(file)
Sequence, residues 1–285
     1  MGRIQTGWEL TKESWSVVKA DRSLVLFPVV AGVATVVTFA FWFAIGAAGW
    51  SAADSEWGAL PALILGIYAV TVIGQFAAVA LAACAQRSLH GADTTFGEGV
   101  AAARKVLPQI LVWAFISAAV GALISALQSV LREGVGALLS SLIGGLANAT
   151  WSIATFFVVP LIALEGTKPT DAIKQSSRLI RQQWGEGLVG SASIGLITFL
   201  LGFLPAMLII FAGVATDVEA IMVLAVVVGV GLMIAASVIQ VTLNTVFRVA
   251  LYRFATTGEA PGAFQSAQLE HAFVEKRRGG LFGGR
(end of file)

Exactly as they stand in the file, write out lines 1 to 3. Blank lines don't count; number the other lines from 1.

Sequence, residues 1–285
     1  MGRIQTGWEL TKESWSVVKA DRSLVLFPVV AGVATVVTFA FWFAIGAAGW
    51  SAADSEWGAL PALILGIYAV TVIGQFAAVA LAACAQRSLH GADTTFGEGV